JDK-8214719 : Deprecate -Xverify:none option
  • Type: Bug
  • Component: hotspot
  • Sub-Component: runtime
  • Affected Version: 12
  • Priority: P4
  • Status: Resolved
  • Resolution: Fixed
  • Submitted: 2018-12-03
  • Updated: 2019-11-19
  • Resolved: 2019-02-20
The Version table provides details related to the release that this issue/RFE will be addressed.

Unresolved : Release in which this issue/RFE will be addressed.
Resolved: Release in which this issue/RFE has been resolved.
Fixed : Release in which this issue/RFE has been fixed. The release containing this fix may be available for download as an Early Access Release or a General Availability Release.

To download the current JDK release, click here.
JDK 13
13 b09Fixed
Related Reports
CSR :  
Relates :  
Sub Tasks
JDK-8218003 :  
JDK-8230630 :  
Description
Deprecate the -Xverify:none option because it allows execution of Java code that violates the Java Virtual Machine Spec.
Comments
Some feedback for consideration when removing -Xverify:none so a complete strategy can be employed: 1) Some users may care about archive dump time performance and desire to avoid verification overhead when it is not necessary (loaded classes are 'trusted'). 2) There may be use cases where CDS is not enabled. Today users can still use -Xverify:none to avoid verification overhead in those cases where verification is not necessary. 3) This is an indirect and is a CDS only issue today. With dynamic archiving, users must remove -Xverify:none from their command line options at dump time to successfully generate a shared archive.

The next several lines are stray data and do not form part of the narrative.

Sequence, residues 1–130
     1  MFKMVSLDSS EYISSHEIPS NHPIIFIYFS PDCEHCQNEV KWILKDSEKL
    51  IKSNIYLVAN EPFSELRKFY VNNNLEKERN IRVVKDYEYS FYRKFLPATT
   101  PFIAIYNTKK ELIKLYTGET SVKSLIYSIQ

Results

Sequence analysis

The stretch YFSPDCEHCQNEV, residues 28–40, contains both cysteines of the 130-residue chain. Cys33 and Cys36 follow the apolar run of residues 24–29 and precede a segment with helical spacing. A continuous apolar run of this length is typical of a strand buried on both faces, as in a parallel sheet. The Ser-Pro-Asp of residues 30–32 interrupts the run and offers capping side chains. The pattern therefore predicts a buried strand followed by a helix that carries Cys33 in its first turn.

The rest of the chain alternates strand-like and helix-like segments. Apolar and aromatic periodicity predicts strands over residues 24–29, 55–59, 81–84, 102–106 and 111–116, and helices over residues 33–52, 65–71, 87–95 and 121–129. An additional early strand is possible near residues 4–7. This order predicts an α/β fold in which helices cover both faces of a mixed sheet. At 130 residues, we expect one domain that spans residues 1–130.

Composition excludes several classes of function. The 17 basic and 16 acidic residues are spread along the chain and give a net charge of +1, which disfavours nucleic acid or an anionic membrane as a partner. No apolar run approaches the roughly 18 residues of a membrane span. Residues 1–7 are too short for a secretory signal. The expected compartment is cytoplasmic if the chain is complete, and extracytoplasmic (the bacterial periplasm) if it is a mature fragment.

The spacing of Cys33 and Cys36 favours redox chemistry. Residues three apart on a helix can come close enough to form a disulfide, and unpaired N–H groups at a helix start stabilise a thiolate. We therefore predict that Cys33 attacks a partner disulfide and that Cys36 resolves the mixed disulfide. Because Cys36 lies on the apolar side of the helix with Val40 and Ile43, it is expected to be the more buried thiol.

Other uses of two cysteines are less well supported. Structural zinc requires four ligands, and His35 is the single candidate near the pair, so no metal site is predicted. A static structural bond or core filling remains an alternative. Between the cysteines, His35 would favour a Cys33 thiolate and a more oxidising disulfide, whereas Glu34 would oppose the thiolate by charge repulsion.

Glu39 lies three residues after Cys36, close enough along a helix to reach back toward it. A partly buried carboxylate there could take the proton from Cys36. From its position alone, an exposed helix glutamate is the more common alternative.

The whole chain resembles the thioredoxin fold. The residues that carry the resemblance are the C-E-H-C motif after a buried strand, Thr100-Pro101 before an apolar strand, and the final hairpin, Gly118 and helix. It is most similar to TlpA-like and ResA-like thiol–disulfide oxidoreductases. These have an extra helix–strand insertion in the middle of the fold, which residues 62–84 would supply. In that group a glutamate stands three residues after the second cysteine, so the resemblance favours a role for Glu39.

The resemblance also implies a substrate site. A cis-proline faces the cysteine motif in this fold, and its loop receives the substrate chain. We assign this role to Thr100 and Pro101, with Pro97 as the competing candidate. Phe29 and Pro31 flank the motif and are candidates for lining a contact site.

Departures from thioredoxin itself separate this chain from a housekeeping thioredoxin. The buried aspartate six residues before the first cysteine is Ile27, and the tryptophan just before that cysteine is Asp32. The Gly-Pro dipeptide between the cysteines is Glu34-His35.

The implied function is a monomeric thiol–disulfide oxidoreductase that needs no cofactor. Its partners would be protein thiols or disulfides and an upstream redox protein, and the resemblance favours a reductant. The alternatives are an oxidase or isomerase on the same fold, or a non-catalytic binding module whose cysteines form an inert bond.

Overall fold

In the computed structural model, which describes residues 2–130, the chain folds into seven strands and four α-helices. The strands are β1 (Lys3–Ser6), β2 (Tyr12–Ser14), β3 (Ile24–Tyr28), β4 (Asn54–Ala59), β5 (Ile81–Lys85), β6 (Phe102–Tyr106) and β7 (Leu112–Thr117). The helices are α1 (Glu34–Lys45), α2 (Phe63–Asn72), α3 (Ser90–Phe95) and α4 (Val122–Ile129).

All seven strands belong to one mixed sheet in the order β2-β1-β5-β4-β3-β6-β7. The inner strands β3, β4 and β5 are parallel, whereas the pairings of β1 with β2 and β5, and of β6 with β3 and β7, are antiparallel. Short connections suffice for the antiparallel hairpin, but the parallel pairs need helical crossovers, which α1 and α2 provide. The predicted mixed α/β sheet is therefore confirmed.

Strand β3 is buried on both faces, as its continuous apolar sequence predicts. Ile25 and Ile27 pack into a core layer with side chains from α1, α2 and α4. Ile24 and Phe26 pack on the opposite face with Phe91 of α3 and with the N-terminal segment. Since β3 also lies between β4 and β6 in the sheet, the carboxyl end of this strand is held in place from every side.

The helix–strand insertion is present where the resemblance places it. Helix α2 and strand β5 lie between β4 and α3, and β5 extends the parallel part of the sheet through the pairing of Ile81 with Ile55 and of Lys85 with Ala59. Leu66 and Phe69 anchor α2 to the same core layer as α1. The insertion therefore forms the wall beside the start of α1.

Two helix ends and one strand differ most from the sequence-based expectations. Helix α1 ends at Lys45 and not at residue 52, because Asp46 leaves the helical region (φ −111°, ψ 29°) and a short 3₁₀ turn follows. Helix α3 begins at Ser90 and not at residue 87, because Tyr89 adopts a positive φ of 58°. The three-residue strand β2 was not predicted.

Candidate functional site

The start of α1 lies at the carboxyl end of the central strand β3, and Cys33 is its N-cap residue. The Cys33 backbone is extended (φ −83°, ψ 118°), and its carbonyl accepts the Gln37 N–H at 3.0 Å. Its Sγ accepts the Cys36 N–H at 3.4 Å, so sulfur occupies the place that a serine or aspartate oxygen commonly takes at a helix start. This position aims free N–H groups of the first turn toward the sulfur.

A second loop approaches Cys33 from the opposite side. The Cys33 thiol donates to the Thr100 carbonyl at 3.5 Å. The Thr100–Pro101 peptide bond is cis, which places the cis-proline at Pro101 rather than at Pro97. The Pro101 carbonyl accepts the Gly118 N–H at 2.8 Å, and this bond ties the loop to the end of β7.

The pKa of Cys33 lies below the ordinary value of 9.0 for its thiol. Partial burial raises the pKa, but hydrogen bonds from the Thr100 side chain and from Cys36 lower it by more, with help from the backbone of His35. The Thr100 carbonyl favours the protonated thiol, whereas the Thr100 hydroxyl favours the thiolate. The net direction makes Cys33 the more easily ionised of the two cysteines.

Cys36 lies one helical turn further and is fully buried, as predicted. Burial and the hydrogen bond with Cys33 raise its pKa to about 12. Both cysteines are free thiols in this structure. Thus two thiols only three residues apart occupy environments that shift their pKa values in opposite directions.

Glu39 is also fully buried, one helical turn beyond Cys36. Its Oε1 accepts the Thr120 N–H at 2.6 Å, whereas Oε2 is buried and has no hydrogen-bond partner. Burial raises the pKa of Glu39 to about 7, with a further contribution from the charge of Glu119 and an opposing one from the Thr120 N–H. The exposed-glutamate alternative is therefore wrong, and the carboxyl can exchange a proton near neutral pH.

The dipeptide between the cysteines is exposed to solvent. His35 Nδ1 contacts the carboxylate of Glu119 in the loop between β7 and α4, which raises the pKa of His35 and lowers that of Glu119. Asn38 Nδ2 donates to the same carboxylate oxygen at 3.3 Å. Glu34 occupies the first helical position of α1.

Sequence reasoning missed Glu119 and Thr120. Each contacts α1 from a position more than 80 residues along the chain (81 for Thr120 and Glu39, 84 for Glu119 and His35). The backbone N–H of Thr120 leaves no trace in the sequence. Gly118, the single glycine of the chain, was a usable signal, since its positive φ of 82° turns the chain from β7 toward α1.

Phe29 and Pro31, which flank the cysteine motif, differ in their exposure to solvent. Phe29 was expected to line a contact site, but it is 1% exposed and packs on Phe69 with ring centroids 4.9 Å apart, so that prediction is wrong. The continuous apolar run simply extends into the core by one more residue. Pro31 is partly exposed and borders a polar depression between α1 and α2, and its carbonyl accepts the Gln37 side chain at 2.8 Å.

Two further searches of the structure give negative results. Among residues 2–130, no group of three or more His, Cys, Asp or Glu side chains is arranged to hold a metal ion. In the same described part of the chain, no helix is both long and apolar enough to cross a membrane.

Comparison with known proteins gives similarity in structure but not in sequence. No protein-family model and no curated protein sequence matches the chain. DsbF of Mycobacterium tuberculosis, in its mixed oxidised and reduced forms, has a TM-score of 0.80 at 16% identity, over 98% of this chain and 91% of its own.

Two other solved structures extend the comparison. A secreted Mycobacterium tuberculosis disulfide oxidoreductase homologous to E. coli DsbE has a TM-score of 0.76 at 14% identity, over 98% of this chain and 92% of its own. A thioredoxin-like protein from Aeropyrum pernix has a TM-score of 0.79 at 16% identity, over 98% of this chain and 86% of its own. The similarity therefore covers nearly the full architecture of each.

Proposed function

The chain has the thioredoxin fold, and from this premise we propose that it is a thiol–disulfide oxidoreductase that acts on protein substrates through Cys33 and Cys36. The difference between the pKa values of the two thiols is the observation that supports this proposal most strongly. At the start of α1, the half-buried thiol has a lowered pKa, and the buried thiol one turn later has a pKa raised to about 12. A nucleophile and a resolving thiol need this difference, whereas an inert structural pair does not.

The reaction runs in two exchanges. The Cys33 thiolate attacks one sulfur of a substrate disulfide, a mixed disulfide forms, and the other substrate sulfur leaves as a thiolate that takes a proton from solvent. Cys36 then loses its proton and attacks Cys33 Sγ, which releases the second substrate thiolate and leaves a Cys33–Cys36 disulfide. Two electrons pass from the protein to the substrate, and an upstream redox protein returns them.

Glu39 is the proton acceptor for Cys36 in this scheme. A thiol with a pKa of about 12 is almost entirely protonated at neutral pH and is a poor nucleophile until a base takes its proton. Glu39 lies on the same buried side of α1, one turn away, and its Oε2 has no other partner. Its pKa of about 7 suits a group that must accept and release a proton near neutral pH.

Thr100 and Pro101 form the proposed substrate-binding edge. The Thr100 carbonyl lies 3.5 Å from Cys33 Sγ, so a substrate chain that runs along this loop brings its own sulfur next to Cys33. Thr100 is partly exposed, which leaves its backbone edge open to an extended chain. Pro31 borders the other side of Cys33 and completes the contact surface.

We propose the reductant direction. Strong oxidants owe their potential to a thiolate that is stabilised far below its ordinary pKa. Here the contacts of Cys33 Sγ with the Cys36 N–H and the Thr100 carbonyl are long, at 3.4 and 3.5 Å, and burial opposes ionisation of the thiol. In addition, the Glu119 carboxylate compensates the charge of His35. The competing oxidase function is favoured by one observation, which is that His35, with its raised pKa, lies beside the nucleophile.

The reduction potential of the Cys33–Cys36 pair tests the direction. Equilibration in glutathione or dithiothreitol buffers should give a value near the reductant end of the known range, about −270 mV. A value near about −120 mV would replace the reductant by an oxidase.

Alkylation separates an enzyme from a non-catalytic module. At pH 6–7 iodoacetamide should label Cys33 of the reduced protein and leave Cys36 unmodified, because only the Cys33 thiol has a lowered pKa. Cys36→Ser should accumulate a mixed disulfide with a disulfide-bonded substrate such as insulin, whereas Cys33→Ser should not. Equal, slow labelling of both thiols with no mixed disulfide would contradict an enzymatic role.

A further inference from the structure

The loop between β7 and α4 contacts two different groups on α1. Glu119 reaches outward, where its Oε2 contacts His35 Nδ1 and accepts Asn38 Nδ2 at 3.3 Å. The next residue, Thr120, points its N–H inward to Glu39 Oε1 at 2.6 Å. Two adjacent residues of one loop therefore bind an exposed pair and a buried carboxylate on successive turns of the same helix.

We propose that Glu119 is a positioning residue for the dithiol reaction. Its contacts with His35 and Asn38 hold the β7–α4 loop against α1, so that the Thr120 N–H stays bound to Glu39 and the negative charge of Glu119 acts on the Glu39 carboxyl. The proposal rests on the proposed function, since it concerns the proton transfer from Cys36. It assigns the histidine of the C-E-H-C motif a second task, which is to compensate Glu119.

19-11-2019

Users can get their performance boost for well formed class files by using AppCDS instead of -Xverify:none. AppCDS will verify their code before archiving it so users will be able to both verify their code and get their desired performance boost. The plan is not to just take away the flag. That is why this step is to deprecate the flag. Deprecating the flag does not change its behavior other than to issue a warning when it is used.
06-02-2019

The use of this flag can be a performance boost for apps that already know they have well formed and correct classfiles. Why should they be penalised just because someone might use this flag in a situation where they can allow external non-verified code into the system? This flag has been around for a very, very long time and I don't think it reasonable to just take it away. Moving to a -XX flag is also not an option as some users won't allow their use in production, whereas this -X flag can be used (that's conjecture based on previous suggestions to turn flags into -XX variants).
03-12-2018